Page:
In 109 out of 479 patients who were referred for cardiac transplantation it was considered to be too early to put them on the waiting list for a donor heart. The clinical course of these 109 patients was analysed in order to verify whether this decision had been right. The mean age of the patients was 43 years, half of them suffered from ischaemic heart disease. The systolic left ventricular function of the patients was severely depressed (mean left ventricular ejection fraction 21%) and the left ventricular cavity was markedly dilated (mean echocardiographic end diastolic dimension 73 mm). Functional capacity, measured by bicycle ergometry, was low: mean maximal workload 62% of the expected load for gender, height and age. The median follow-up duration was 31 months. The survival rate of the patients was better than that of 175 patients who were accepted for transplantation after referral, 92%, 87%, 81%, 71% and 73%, 73%, 71%, 68% after 1, 2, 3 and 4 years respectively. Re-assessment was necessary in 29% of the patients within 1 year and in 52% within 3 years. Twenty patients died: 12 patients died before re-assessment had been initiated (eight sudden deaths), six patients because of progressive heart failure before heart transplantation could be performed and two patients died after heart transplantation. Left ventricular ejection fraction, pulmonary capillary wedge pressure and transpulmonary gradient were not reliable predictors of the course of the patients.(ABSTRACT TRUNCATED AT 250 WORDS)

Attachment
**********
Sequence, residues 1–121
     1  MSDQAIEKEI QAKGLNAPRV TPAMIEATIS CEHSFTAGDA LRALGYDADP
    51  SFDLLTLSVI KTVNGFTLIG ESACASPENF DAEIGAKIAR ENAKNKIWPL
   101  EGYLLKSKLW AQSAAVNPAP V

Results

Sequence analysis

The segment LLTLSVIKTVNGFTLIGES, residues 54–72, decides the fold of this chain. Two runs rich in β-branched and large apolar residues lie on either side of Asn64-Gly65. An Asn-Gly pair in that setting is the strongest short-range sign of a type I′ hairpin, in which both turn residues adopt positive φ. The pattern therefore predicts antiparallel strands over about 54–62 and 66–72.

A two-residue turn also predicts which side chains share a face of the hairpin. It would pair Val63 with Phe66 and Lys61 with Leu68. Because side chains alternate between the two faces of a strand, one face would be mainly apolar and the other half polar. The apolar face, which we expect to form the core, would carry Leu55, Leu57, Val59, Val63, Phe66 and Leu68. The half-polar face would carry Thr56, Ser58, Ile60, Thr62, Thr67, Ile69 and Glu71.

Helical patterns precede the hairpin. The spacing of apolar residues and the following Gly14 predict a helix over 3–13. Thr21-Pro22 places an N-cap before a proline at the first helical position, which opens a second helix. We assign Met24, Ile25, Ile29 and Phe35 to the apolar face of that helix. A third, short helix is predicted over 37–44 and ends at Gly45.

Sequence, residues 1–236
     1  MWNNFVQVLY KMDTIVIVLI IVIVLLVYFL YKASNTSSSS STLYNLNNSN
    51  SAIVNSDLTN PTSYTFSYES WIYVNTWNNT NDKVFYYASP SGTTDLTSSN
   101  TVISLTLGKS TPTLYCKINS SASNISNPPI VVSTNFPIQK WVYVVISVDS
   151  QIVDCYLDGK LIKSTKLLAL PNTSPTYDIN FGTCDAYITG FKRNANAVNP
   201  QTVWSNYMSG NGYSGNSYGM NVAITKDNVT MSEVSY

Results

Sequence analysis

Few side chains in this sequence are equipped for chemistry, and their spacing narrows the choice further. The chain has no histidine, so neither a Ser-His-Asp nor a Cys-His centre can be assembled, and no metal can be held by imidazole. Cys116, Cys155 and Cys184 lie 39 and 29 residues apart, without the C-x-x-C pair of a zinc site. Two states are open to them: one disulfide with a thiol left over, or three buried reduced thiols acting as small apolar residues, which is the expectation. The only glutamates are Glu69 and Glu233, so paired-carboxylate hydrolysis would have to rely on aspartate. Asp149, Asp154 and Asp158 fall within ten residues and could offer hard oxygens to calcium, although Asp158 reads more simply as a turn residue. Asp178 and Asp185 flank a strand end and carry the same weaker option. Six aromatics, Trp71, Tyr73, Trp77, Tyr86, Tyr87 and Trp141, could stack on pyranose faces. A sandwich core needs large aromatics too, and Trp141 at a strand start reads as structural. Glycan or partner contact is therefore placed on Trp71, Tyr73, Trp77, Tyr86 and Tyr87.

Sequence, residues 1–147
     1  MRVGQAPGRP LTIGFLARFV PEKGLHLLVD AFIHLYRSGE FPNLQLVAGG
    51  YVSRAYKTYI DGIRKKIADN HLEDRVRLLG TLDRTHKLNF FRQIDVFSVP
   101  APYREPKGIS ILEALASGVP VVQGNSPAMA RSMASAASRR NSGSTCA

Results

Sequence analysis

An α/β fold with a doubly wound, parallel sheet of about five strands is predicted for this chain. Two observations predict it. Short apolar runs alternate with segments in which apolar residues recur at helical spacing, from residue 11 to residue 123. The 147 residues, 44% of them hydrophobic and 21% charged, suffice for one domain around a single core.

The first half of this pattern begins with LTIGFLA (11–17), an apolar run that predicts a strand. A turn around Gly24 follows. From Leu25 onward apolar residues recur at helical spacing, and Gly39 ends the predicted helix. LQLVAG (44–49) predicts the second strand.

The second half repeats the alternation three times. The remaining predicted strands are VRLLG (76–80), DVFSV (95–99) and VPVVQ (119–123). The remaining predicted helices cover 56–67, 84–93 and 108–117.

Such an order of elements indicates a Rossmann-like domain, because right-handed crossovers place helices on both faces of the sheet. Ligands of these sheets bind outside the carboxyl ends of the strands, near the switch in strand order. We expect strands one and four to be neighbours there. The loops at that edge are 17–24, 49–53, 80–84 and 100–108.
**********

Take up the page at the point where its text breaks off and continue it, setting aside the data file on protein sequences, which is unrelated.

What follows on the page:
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European Heart Journal
Erasmus MC: University Medical Center Rotterdam

Balk, A., Meeter, K. J., Simoons, M., Mochtar, B., Bal, E., Verwey, H. F., & Weimar, W. (1992). Too early for cardiac transplantation-the right decision?. European Heart Journal, 13, 1339–1344. Retrieved from